Chicken Man

Parting words from the greatest cockfighter who ever lived

I wait until Hector's finished talking and wish him good luck. I walk over to the trash can and peer down at the bird. To my surprise, it's not dead. It looks up, flaps its blood-soaked wings and tries to get out of the bucket. He bobs his head, his beak dripping blood. His eyes flutter open.

Two boys, walking by, notice him. One of the boys picks up a Styrofoam cup and whacks the bird in the head. The bird stops for a moment and then starts bobbing its head again. The boy hits him again with the cup, smiles at his friend and walks away. The rooster looks up out of the bucket one more time, bobs his head and then closes his eyes. His head slowly lowers into the paper cups and the tamales that surround him. He is finally dead.

On and on the fights go, one after the other, long into the night. I see a bird's guts spill out of him like rubber bands. I see another, near death, pull off the improbable victory with a lucky shot that cuts an opponent's artery. I see fights that last for minutes, and others that go to the drag pits and last for nearly an hour. I see birds sprinkled with blood, and birds that are made to fight when they are going stiff and cold.

Bred to fight--until death.
Bred to fight--until death.
On his farm in Blanket, Texas, Ratliff keeps his birds on tie cords to keep them from killing each other.
On his farm in Blanket, Texas, Ratliff keeps his birds on tie cords to keep them from killing each other.

I meet a third-generation cockfighter, who tells me how much the sport means to his family and his Mexican-American culture. "Who's to say one culture is superior to the other?" he asks me. "What's the difference between this and bullfighting, or horse racing?" Another tells me he has no problem with the Humane Society protecting dogs and cats, but chickens are different. "So you're telling me it's OK to wring a bird's neck and put it in a frying pan, but you can't let it do what it was genetically born to do? This ain't like dog fighting. We don't mistreat these birds, and we don't make them fight."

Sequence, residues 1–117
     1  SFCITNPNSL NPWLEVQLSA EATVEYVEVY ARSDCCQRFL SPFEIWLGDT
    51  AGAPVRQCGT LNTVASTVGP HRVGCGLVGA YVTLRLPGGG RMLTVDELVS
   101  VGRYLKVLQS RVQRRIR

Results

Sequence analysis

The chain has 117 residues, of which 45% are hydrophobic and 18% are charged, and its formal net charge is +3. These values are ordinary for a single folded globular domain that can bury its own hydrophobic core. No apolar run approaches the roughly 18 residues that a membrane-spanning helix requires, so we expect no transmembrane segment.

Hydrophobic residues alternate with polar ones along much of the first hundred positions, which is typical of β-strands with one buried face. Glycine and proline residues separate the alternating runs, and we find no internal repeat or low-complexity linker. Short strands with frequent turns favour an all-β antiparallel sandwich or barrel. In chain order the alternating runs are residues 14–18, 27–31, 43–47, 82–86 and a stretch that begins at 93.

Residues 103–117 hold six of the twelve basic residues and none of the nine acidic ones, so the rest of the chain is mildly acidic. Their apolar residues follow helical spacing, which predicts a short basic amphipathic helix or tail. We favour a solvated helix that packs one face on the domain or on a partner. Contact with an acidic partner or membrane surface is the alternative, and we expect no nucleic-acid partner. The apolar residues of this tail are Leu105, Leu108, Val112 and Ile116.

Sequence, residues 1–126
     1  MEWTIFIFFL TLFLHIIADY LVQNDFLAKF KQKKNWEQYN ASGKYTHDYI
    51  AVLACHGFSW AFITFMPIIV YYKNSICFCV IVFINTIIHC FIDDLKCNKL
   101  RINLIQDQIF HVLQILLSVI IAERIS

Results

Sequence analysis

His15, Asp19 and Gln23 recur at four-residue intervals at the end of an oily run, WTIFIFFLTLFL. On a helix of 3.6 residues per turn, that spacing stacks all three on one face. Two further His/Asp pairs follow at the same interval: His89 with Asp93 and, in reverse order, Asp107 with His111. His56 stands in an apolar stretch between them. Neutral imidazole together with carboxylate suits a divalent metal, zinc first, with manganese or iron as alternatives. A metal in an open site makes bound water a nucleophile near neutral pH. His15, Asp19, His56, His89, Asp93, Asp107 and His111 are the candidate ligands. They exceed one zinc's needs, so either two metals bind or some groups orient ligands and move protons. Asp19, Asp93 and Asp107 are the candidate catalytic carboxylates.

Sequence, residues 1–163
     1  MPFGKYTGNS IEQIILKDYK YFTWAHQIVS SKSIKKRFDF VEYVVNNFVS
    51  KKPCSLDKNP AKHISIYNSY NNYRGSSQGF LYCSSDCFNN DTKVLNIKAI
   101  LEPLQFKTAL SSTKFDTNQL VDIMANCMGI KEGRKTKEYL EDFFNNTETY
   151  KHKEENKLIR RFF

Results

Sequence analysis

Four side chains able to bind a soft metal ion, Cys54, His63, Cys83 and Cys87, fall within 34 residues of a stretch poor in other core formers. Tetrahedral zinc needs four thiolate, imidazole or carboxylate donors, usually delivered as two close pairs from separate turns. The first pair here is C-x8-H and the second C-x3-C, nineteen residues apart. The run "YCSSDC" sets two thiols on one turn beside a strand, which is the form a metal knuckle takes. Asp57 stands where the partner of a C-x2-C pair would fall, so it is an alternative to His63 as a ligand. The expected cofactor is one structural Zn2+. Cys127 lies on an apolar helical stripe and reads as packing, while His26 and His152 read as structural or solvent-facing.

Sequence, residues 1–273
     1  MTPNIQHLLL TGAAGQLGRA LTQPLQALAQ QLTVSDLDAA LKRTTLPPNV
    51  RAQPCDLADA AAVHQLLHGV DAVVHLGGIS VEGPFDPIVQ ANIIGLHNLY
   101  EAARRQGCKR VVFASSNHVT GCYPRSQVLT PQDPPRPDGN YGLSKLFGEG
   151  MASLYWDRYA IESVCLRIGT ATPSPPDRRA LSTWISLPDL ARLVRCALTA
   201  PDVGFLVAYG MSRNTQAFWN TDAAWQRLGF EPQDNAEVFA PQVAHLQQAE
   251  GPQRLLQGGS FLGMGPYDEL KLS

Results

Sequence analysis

I stay as long as I can, and then I say goodbye to Hector and the others I've met. I've seen enough killing for one day.

The last time I see the Chicken Man, he is seated in his scooter looking out at the field where he keeps his stag roosters, which are not quite old enough to fight. Each one has a rubber cord around its leg, which is attached to a stake in the ground, giving it maybe 5 feet to walk. There are hundreds of them, stretching out in long rows across the dirt field. Some have white heads and red bodies, others are orange from the head to the tailfeathers. They crow loudly, one in response to the other. They look strong and proud and fit.

I ask Ratliff what he'll do with all of them, now that he's retired. "Probably just give them away," he says. "But not just to anyone. I'll give them to a cocker, someone who can carry on the tradition."

And then he hurries inside, before the rain starts falling.

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